Hello!! I’m back! Hopefully I’m back for longer than just one or two blog posts before going on another extended vacation from my blog! My life has been too busy. Too busy to blog. Sometimes, even too busy to cook. But it’s summer and you don’t want to hear my sob stories.
I learned how to make jam on Monday. I took a class with 4 other girls. It was great fun! My Auntie Becki (who is a great cook, by the way!) taught the class on making jams and jellies. By the way, if you live near Bellingham or the Vancouver, BC area, Becki is available to teach private classes on any kitchen skill. They’re about 2 hours long, and cost $15 per person per hour. She’ll do the class at your place, or hers. The classes are hands on, and we got to sample our jam on scones (yum!), and take home a jar of strawberry jam, grape jelly and freezer jam. Leave me a comment if you’re interested, and I’ll pass on Becki’s contact information.
Jam is not nearly as difficult to make as you may think it is. I made freezer jam last year, but I though cooked jam would be pretty difficult and very time-consuming. It’s not! I made two batches of strawberry jam, which yielded 16- 250mL (8 oz) jars of jam. It took me about two hours, and considering that it’s my first time making the jam by myself, I think that’s pretty awesome!
Strawberries are just finishing up their season here, and man, are they good! They are sweet and tasty! I went to the produce store to pick them up, and the farmers were unloading their pickup truck! Fresh from the farm, how awesome is that!
To make jam, you need a few things:
- large pot (8-10 qt)– this is important, don’t go smaller, because your jam will boil over!
- measuring cups
- wooden spoon
- bowl to measure sugar into
- potato masher
- jars and rings
- sealing lids
- pan of some sort
Plus, you’ll need your ingredients for making the jam:
- possibly lemon juice.
Pectin is the substance that makes jams and jellies gel. It is naturally present in fruit, but the amounts vary. You buy it in small boxes at the grocery store (mine sells it with the baking supplies). When you make jam, you need to follow the recipe and instructions that come with your pectin. Each brand varies, and it’s important to follow the instructions that come with your brand! Now, you can only make one batch at a time. And, you need a lot of sugar to make jam, but you can’t cut it back, otherwise your jam won’t gel properly.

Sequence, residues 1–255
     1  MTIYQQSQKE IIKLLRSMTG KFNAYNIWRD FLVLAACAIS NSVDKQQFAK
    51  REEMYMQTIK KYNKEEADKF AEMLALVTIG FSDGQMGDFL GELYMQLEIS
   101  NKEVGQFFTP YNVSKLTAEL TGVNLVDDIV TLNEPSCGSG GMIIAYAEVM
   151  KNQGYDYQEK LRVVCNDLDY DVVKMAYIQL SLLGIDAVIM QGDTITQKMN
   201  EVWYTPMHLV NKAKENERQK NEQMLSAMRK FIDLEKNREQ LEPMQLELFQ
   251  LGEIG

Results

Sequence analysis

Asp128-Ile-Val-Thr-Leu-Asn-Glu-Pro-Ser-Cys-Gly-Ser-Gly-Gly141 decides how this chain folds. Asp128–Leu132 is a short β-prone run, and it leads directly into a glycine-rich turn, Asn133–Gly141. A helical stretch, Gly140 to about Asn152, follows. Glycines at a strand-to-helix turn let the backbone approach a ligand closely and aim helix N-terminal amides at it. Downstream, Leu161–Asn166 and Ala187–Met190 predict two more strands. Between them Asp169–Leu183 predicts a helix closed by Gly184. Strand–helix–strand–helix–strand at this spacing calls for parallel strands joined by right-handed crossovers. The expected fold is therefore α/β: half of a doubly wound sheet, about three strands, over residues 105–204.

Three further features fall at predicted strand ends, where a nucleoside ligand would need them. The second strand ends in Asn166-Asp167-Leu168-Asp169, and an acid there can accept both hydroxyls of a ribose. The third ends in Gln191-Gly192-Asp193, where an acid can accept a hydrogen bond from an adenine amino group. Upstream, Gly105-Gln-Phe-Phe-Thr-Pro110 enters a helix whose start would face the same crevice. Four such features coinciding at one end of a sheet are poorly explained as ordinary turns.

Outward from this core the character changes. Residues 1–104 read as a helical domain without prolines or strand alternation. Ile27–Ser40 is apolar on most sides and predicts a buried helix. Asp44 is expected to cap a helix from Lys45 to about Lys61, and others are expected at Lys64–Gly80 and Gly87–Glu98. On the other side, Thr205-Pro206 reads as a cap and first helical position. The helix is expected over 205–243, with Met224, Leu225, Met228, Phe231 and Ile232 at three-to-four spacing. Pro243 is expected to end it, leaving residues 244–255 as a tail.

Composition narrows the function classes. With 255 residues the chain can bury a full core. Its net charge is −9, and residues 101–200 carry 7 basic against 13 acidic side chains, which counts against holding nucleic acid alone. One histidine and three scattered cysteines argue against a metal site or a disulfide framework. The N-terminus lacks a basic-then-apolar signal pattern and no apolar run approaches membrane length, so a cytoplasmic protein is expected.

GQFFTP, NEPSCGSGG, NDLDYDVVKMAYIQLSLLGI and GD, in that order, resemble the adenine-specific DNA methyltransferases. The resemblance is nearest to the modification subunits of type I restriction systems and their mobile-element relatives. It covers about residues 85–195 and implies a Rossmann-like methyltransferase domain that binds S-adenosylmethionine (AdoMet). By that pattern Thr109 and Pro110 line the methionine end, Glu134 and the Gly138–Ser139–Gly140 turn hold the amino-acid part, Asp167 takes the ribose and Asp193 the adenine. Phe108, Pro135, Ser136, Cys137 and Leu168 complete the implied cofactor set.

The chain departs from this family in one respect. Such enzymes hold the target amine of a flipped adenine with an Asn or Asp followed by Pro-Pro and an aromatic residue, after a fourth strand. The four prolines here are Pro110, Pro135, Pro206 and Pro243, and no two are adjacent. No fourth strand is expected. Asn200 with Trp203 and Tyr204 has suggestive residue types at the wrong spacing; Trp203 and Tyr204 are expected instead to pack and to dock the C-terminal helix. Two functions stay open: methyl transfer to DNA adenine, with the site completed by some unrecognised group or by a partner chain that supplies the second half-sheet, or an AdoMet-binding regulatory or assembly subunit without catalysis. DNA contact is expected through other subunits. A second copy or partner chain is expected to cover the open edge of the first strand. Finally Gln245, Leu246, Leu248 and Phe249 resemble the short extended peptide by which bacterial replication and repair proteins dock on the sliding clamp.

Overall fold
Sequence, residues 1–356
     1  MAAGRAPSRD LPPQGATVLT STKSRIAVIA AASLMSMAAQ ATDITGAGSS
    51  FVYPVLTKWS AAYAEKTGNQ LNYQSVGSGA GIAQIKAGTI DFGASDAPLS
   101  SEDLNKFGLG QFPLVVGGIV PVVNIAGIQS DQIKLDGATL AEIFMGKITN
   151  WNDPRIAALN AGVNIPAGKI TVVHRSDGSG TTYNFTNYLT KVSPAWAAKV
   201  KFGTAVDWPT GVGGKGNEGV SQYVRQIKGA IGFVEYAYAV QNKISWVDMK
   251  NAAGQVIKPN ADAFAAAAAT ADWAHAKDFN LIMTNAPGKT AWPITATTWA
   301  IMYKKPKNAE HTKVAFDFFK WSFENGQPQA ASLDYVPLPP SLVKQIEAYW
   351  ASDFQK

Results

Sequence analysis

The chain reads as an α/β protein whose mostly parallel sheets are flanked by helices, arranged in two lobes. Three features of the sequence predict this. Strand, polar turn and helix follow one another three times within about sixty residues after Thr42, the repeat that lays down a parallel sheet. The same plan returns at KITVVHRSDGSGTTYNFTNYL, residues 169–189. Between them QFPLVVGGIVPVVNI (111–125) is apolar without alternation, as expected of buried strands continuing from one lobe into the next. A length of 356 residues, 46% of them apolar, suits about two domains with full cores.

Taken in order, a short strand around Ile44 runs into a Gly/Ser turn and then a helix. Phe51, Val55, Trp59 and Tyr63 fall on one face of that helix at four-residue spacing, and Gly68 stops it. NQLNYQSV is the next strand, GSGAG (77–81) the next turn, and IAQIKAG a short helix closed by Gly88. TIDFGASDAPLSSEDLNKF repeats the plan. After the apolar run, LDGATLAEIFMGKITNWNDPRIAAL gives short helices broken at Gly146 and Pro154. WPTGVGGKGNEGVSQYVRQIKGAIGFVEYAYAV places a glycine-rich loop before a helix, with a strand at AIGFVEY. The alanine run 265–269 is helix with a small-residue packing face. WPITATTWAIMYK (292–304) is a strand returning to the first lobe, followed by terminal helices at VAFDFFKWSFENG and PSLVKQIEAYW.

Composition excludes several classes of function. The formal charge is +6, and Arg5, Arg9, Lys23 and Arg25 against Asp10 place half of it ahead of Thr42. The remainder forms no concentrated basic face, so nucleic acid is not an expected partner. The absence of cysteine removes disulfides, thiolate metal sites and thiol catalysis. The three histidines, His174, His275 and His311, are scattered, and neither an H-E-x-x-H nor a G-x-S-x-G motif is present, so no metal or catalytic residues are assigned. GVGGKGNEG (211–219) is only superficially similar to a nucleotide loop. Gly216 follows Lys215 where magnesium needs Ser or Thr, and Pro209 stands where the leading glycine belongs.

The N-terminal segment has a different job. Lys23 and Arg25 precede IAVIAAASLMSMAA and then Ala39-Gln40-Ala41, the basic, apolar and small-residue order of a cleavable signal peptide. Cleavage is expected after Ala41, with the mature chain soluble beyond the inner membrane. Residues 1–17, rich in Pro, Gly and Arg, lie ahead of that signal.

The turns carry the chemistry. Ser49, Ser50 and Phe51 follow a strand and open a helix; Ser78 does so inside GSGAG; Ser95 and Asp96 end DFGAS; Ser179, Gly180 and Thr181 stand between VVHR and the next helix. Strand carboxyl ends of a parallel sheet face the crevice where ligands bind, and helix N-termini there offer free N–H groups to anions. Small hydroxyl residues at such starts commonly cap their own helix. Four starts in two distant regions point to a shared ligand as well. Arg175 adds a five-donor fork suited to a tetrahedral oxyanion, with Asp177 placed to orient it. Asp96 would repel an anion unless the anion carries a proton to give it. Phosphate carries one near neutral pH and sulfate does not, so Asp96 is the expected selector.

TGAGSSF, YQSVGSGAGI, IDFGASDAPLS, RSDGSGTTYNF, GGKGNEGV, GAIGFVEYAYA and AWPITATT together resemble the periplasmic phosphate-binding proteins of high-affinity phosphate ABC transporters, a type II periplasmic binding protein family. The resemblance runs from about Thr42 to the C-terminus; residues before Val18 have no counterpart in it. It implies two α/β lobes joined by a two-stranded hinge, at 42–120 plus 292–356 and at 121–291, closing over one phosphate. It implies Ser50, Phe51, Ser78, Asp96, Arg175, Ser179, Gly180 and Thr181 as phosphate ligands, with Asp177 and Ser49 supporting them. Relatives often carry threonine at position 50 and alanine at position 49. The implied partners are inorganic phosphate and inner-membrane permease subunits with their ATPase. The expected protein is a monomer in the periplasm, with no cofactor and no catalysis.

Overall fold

You need to make sure everything is ready before you start. Wash your jars in the dishwasher so they’re clean. Prepare and mash your berries with a potato masher. Don’t use a food processor (the instructions said). Plus, mashing your berries is really fun!
I’ll walk you through the basic process.
- Boil some water in a tea kettle.
- Put your crushed berries in your pot and combine with pectin (and lemon juice, if directed in recipe!). Stir well, and bring to a boil.
- Measure your sugar out into a bowl.
- Once boiling, add all of your sugar at once. Stir well.
- Let come to a full, rolling boil, and boil for 1 minute (or however long your recipe says).
- My recipe said to take the pot off the heat at this point, and stir and skim the foam off. You’ll probably have foam on top of your jam. Skim it off with a spoon into a bowl. You can eat it if you want to. It tastes delicious! I had to stir mine for about 5 minutes at this point.
- Put your jam jars into a pan, and pour boiling water over the rim of each one. This sterilizes them. Put the sealing lids in boiling water as well.
- Dump out any water in your jam jar, fill it with jam (use a ladle). Leave about 1″ of head space at the top of the jar. With a clean, damp cloth, wipe the rim of the jar well. Take a lid out of the boiling water, place it over top, and screw the ring on. At this point, put your jars aside! If you did everything right, you’ll probably hear a few pops, which means your jars are sealed.
- Continue the process until all of your jam is in jars! Clean up!
- If your jars don’t seal (the tops will look pressed inwards), put that jar in the fridge and eat it first! The rest of the jars will happily sit on your pantry shelf until you use them.
That’s the whole process! Next time I make jam, I’ll try to be more diligent and take pictures of the process for you.
It’s really actually quite easy and super rewarding to have 16 little jars staring you in the face, waiting to be eaten!
Go and try it!
The Hungry Teacher